Fire Safety: Prevention is Key
The possibility of having a fire in the workplace may seem like a remote one, but fires and deaths by fire, are more common than many of us realize. In the U.S., in 2017, there was a civilian fire death every 2 hours and 34 minutes and a civilian fire injury every 36 minutes. Sadly, many of these fires were preventable; however, the good news is that by understanding what makes fire so dangerous and by taking precautions, you can protect yourself and the people that depend on you from a devastating event. This article will offer prevention strategies to reduce the risk of fires in our workplaces and homes.
The dangers of fire cannot be overstated. Fire can double in size every 30 seconds, temperatures in a fire can reach over 1000 degrees Fahrenheit, and fire gives off deadly smoke and gases like carbon monoxide and hydrogen cyanide. Most people who perish in fires have died from smoke and gas inhalation. Many Springbrook employees work in home settings, where the risk of fire is the greatest. According to the National Fire Prevention Association, four out of five U.S. fire deaths occur in the home, and the top causes of fire deaths and injuries include extension cords, cooking equipment, and ineffective or missing smoke alarms.
There are several fire prevention strategies that should be implemented and followed regularly in any home environment. It goes without saying that smoking in all Springbrook buildings including homes is never permitted. Smoke alarms should be installed in every sleeping room, outside of sleeping areas, and on every level of the home including the basement. They should be tested at least once a month, batteries should be changed annually, and alarms should be replaced every ten years. For individuals with special needs, there are alternative types of smoke alarms that use a low-pitch sound or vibrations to signal smoke detection.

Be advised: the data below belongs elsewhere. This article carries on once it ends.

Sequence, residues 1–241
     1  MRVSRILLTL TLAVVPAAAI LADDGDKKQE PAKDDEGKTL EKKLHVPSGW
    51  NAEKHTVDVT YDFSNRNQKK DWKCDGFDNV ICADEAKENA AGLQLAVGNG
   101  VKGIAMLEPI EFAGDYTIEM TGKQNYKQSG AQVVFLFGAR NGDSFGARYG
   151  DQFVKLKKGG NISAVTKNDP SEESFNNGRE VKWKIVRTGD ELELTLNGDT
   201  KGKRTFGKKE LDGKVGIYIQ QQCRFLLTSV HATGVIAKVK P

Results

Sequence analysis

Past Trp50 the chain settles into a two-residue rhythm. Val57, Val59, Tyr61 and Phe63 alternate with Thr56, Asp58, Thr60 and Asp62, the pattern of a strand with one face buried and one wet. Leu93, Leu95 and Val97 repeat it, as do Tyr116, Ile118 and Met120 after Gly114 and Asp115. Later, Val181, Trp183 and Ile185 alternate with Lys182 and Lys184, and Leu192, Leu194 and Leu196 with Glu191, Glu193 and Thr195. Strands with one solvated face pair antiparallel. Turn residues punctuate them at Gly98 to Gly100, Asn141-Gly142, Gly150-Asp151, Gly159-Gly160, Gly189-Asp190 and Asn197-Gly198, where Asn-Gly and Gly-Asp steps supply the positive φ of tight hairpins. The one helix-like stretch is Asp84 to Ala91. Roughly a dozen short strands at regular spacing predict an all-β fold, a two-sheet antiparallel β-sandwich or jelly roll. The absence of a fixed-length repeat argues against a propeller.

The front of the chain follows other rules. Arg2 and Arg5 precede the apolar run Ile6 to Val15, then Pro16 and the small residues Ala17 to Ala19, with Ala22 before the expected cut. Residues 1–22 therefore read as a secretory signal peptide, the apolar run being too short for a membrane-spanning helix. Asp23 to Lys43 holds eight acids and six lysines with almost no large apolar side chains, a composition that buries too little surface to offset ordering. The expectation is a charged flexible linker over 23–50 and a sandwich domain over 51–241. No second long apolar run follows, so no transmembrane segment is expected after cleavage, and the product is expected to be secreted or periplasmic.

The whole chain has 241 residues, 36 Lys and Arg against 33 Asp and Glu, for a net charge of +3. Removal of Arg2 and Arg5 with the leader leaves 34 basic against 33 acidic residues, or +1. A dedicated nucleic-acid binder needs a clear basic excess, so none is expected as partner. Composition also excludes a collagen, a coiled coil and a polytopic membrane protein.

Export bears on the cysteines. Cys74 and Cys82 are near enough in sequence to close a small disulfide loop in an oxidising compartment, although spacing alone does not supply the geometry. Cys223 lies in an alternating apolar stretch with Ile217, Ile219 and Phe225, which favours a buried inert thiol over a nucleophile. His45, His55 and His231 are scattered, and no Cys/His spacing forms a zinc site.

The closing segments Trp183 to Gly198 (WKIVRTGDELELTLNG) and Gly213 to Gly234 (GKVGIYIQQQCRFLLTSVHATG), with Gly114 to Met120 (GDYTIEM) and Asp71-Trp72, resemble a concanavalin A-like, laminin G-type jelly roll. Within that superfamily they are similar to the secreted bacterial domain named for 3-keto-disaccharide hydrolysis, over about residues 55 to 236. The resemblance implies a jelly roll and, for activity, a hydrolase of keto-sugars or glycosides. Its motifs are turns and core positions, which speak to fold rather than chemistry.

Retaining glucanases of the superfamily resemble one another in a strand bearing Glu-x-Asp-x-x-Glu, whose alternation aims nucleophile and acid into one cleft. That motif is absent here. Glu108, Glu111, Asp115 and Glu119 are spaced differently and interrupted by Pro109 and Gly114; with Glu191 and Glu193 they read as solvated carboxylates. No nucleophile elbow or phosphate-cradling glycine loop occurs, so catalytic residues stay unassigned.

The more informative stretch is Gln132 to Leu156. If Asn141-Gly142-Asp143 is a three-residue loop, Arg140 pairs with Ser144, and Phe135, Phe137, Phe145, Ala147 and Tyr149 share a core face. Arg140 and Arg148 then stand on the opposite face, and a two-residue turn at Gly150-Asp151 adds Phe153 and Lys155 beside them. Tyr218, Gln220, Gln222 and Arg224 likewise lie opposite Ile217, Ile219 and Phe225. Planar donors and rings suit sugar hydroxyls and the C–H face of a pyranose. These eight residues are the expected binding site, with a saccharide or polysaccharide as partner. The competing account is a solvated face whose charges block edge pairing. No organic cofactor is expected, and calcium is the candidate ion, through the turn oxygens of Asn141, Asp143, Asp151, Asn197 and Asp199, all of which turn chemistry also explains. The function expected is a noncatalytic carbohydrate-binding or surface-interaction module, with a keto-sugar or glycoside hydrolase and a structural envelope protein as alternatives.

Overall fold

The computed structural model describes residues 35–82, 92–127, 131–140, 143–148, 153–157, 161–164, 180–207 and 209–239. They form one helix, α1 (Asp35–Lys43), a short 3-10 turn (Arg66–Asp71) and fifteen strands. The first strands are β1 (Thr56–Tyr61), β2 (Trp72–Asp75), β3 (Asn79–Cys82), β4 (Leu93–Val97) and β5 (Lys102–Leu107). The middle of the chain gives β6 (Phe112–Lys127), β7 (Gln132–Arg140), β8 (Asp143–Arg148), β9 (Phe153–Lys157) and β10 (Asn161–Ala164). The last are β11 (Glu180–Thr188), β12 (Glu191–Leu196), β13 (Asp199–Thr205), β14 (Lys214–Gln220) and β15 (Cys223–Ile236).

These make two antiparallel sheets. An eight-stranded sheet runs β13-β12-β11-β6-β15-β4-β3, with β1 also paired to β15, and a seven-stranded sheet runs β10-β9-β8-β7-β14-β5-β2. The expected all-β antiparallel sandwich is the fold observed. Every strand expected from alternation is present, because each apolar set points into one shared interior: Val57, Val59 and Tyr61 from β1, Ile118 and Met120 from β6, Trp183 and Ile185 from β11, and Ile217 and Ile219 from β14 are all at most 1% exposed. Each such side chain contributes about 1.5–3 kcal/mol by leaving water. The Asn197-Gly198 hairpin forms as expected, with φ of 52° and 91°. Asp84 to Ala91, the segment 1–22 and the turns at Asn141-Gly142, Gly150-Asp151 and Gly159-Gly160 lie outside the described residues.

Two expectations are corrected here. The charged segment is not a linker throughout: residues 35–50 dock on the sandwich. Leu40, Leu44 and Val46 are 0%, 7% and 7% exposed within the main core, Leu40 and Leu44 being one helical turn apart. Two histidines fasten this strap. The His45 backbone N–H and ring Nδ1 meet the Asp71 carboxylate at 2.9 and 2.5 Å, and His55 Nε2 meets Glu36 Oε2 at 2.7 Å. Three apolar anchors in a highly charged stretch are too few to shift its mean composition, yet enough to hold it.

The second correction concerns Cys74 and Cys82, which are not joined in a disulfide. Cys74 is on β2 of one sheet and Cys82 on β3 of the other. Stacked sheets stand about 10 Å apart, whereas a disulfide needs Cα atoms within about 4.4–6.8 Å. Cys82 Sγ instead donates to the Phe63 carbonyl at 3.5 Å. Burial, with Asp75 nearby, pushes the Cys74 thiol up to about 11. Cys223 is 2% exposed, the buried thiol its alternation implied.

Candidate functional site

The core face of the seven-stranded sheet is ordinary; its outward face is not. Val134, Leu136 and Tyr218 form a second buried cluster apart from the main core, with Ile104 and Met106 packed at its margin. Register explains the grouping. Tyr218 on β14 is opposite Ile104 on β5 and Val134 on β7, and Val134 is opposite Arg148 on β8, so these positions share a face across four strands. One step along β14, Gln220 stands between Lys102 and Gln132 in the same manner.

Cooking is the leading cause of home fires and fire injuries in the U.S. According to the National Fire Protection Association, ranges or cooktops cause 62% of home fires. When working in the kitchen, never leave cooking unattended. If you need to leave the kitchen, shut off any cooking appliances or take something with you to remind you that the stove is on. It only takes seconds for a fire to occur. Make sure the areas near any heat sources are clear of paper, fabric, and other materials that can burn. Avoid wearing loose sleeves around cooking appliances. Finally, check that everything is turned off when you are finished cooking, and unplug countertop appliances when not in use.
A clothes dryer is another common home appliance that poses a fire hazard. Every year, firefighters respond to approximately 14,600 home fires caused by clothes dryers and one-third of these are caused by an accumulation of lint. Lint builds up on the heating element and other places inside the dryer, causing it to overheat and catch fire. It is recommended to clean the lint out of the filter every time it’s used, and that dryer ducts be cleaned out annually.